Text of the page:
Entrepreneurs start again after Business Failure

Almost nine out of ten British business owners would set up a new venture of their current business failed – in spite of the economic climate.

New Business Survives

A Barclays Local Business poll of 503 business owners revealed that 87% said they would be keen to start another business should their existing enterprise go under. The poll revealed that the majority would also only wait an average of only four months before getting started with their new venture.

Recent research from credit ratings firm Equifax found that the number of UK businesses going bust increased by nearly a third (29%) in July, compared with the same month last year. Barclays Local Business marketing director John Davis said:

“The UK’s small business owners are operating in more difficult conditions at the moment and, unfortunately, as the credit crunch begins to bite, there’s a risk that some entrepreneurs will find their livelihood under threat,”.

“However, it’s heartening to know that their desire to ‘bounce back’ from failure is so strong. It takes determination, commitment and tenacity to run your own business, and these qualities clearly stand entrepreneurs in good stead if they’re forced to start all over again.”

According to the Barclays research, entrepreneurs learn valuable lessons if they have been through a business failure. The survey found that 73% of entrepreneurs believe they would be less likely to make the same mistakes again next time around, while 31% believed that business failure would make them more risk–averse.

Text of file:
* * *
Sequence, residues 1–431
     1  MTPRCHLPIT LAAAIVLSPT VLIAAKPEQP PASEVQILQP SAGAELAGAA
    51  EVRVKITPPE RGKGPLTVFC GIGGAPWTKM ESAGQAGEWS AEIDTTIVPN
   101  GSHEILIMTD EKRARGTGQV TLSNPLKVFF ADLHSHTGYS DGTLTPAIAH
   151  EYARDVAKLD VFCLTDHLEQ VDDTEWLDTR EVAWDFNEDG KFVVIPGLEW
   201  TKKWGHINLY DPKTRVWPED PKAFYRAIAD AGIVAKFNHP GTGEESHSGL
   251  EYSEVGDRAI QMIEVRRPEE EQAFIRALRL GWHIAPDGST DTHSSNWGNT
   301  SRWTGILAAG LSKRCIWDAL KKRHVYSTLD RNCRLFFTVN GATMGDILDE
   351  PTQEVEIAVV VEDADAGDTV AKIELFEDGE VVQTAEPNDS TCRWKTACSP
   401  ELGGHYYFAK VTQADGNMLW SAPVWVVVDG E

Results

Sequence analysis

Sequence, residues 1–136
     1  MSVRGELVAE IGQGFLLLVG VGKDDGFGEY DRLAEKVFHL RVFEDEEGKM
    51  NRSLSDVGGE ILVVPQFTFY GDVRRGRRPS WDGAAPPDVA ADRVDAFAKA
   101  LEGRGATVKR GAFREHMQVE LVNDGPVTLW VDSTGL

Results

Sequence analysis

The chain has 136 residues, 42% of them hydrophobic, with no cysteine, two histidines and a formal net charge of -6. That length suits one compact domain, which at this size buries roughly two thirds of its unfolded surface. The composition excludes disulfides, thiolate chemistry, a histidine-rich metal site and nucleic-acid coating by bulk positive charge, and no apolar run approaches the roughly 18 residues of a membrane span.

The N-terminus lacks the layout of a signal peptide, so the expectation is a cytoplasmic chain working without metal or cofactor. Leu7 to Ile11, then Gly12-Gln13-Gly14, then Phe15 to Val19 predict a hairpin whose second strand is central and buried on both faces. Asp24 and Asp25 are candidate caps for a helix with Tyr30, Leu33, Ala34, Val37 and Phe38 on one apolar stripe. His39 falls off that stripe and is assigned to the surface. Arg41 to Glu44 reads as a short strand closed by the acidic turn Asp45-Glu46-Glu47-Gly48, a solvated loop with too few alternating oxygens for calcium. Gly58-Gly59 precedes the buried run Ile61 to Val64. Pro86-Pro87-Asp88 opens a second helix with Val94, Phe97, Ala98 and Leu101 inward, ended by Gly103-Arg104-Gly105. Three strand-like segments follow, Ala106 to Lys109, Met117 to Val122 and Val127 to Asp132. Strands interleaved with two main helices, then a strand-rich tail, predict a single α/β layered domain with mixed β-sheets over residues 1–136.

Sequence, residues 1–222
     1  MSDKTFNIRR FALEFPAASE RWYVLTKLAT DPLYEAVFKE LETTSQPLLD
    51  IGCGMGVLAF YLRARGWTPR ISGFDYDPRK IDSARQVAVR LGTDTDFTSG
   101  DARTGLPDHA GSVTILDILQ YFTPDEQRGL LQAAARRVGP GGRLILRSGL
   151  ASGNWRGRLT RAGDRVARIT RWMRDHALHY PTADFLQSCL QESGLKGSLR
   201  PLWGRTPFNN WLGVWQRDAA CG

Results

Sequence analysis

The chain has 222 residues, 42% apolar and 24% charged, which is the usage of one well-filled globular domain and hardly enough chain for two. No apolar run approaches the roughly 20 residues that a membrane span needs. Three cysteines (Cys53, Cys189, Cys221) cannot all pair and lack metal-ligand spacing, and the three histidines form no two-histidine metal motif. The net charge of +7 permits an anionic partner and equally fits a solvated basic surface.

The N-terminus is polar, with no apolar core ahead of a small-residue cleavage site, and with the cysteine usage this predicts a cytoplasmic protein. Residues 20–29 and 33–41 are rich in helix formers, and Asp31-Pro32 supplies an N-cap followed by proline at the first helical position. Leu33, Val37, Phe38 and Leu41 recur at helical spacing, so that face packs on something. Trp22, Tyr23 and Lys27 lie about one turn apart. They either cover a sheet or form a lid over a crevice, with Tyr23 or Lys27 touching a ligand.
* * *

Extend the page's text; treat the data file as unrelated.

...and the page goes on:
Chief executive of the National Federation of Enterprise Agencies (NFEA) George Derbyshire agreed that business owners could benefit from the experience of their business going under.

“Experience shows that many successful entrepreneurs have a history of previous ventures behind them. There is no question that previous experience of running a business, either directly as an employee of a small business or through businesses in the family circle, is a positive contributor to success.”

However, Derbyshire urged all entrepreneurs, regardless of their previous trading history, to do their homework.

“Embarking on a new business is not something to be taken lightly. Adequate preparation, in terms of planning, reviewing your skills and listening to trusted advisers is very important.”

Commenting on the research, Simon Underwood, partner at insolvency practitioners Benedict Mackenzie, said there is currently no restriction on ex–company directors setting up new businesses, as long as they had not been convicted of adverse conduct under the Company Directors Disqualification Act (478k PDF).

“Equally, there is no minimum time frame that might restrict entrepreneurs from setting up new businesses,” said Mackenzie.

“One area to consider is the re–using of company names,” he added. “If a director is involved in a company with the same trading name going forward, you will need consent from a court, or have notified all creditors. If those conditions aren’t met, and that company fails, it’s a criminal offence, and directors could become personally liable.”

For more information on insolvency procedures, visit the Insolvency Service website

Nine in Ten Entrepreneurs would Start again after a Business Failure

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